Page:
St. Jerome, letter 7.2 (to Chromatius, Jovinus, and Eusebius; tr. F.A. Wright):
Now I talk to your letter, I embrace it, it carries on a conversation with me, it is the only thing here that knows Latin. In this place an old man has either to learn a barbarous jargon, or else to hold his tongue. The handwriting I know so well brings your dear faces before my eyes; and then either I am no longer here or else you are here with me. Believe love when it tells you the truth: as I write this letter I see you before me.
Nunc cum vestris litteris fabulor, illas amplexor, illae mecum loquuntur, illae hic tantum Latine sciunt. Hic enim aut barbarus seni sermo discendus est aut tacendum est. Quotiensque carissimos mihi vultus notae manus referunt inpressa vestigia, totiens aut ego hic non sum aut vos hic estis. Credite amori vera dicenti: et cum has scriberem, vos videbam.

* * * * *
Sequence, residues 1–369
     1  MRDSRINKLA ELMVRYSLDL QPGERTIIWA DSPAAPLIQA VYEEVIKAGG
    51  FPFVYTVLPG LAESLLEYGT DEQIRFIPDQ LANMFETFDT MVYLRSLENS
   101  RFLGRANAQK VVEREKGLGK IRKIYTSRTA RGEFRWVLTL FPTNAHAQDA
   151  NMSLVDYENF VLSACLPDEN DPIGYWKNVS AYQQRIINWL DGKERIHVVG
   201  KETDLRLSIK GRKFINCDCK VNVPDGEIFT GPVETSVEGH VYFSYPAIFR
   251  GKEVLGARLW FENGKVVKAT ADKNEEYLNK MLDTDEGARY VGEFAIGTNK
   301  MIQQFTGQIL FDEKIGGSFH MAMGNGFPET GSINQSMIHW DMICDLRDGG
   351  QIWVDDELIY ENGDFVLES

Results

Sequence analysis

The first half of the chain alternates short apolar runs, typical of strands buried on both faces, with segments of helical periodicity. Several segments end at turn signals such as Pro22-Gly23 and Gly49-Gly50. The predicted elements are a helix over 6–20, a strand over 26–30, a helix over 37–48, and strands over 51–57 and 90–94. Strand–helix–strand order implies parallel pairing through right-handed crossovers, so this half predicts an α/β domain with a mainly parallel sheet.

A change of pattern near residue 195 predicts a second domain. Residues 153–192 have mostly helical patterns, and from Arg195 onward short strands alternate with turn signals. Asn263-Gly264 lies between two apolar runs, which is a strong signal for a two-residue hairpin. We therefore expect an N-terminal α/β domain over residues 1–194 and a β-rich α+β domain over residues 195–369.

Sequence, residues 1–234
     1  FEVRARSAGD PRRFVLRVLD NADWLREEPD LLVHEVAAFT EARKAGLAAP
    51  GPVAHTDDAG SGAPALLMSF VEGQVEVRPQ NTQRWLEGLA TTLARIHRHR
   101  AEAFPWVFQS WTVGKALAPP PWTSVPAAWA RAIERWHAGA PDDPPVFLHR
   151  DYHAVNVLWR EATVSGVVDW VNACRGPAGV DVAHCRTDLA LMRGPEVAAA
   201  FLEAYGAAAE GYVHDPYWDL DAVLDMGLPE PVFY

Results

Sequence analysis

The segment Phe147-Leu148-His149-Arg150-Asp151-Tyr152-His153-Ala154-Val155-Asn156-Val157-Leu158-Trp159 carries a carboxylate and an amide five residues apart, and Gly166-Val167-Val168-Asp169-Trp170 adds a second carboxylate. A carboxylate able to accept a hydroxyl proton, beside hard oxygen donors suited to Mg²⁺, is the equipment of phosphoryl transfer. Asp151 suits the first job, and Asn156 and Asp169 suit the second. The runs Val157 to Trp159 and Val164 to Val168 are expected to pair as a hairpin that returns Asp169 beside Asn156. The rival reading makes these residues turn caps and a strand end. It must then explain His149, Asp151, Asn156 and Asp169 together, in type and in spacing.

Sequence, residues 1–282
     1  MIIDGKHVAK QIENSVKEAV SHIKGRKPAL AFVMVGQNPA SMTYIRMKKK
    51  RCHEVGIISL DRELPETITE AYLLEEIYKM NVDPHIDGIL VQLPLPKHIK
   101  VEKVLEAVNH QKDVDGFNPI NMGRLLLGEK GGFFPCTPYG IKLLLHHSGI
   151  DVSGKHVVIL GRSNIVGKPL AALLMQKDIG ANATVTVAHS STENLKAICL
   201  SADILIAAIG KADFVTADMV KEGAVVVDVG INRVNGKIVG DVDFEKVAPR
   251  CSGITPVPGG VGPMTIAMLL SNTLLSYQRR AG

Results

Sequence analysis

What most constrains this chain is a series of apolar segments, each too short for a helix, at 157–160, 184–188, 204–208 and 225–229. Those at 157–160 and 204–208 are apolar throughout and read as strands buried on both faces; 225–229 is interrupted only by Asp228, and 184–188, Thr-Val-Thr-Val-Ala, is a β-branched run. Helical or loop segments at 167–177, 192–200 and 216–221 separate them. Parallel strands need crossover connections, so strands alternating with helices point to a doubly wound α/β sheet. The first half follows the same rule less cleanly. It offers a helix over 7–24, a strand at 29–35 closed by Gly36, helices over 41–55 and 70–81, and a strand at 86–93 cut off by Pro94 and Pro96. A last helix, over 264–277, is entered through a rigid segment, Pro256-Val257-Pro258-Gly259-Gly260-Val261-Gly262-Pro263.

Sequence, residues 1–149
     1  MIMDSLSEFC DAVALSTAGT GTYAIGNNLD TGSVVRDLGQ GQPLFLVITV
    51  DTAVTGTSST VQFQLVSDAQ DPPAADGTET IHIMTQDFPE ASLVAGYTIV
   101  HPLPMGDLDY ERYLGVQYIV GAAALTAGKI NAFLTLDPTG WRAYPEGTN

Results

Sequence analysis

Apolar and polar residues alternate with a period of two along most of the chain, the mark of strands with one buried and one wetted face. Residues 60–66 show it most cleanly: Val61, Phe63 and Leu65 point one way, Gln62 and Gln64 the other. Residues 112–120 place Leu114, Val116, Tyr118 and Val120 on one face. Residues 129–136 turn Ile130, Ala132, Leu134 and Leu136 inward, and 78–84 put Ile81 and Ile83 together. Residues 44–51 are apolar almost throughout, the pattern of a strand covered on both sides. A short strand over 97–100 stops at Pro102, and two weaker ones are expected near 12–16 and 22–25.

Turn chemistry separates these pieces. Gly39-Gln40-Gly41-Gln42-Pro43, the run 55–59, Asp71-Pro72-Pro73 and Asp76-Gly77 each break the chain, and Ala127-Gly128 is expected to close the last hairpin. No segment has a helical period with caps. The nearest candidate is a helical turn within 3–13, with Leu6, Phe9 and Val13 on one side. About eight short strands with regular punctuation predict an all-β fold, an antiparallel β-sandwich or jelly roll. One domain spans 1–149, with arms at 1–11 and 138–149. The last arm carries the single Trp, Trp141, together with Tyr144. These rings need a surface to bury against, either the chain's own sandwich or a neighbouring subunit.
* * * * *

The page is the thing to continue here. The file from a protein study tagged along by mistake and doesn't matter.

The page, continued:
J.N.D. Kelly (1909-1997), Jerome: His Life, Writings, and Controversies
(New York: Harper & Row, Publishers, 1975), p. 49, n. 15:
The older reading 'barbarus semi-sermo' ( = 'the barbarous gibberish'), which has good MS support, seems preferable to 'barbarus seni sermo' ('at my advanced years I must learn a barbarous speech'), which Hilberg adopted.